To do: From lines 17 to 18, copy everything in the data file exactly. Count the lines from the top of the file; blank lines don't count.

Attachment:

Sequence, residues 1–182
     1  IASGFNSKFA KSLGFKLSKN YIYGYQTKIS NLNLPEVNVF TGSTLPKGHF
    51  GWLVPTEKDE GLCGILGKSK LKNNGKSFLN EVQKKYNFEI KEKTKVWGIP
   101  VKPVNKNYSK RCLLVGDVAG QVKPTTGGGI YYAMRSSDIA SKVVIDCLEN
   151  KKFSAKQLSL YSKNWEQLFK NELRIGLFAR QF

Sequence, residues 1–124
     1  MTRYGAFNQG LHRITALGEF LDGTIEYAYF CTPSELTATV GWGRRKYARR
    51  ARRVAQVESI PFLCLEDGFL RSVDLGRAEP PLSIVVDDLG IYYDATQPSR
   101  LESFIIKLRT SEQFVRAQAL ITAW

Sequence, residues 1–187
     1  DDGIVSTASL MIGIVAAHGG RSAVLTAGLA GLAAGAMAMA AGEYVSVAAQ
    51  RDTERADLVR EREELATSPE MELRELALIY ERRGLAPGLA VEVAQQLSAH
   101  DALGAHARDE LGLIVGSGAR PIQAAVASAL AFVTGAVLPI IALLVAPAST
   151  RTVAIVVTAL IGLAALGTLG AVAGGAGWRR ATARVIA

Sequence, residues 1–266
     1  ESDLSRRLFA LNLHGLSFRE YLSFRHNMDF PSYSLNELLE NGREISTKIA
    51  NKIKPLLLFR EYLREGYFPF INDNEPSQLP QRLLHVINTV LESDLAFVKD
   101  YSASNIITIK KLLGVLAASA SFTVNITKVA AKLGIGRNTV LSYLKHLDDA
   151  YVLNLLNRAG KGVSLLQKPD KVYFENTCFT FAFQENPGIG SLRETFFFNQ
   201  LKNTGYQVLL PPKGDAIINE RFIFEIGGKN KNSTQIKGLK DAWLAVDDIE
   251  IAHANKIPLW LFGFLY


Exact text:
    51  NKIKPLLLFR EYLREGYFPF INDNEPSQLP QRLLHVINTV LESDLAFVKD
   101  YSASNIITIK KLLGVLAASA SFTVNITKVA AKLGIGRNTV LSYLKHLDDA